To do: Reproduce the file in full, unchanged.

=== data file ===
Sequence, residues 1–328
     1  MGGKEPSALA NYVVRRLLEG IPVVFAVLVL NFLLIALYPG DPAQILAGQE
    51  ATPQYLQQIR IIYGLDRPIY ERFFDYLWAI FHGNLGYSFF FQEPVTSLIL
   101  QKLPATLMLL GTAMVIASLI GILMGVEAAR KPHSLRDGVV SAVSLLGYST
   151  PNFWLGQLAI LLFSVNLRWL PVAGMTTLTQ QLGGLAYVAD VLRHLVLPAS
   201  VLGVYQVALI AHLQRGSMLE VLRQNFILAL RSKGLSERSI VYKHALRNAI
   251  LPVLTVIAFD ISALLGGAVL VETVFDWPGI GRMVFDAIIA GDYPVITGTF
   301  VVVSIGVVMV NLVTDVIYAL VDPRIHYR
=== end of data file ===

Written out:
Sequence, residues 1–328
     1  MGGKEPSALA NYVVRRLLEG IPVVFAVLVL NFLLIALYPG DPAQILAGQE
    51  ATPQYLQQIR IIYGLDRPIY ERFFDYLWAI FHGNLGYSFF FQEPVTSLIL
   101  QKLPATLMLL GTAMVIASLI GILMGVEAAR KPHSLRDGVV SAVSLLGYST
   151  PNFWLGQLAI LLFSVNLRWL PVAGMTTLTQ QLGGLAYVAD VLRHLVLPAS
   201  VLGVYQVALI AHLQRGSMLE VLRQNFILAL RSKGLSERSI VYKHALRNAI
   251  LPVLTVIAFD ISALLGGAVL VETVFDWPGI GRMVFDAIIA GDYPVITGTF
   301  VVVSIGVVMV NLVTDVIYAL VDPRIHYR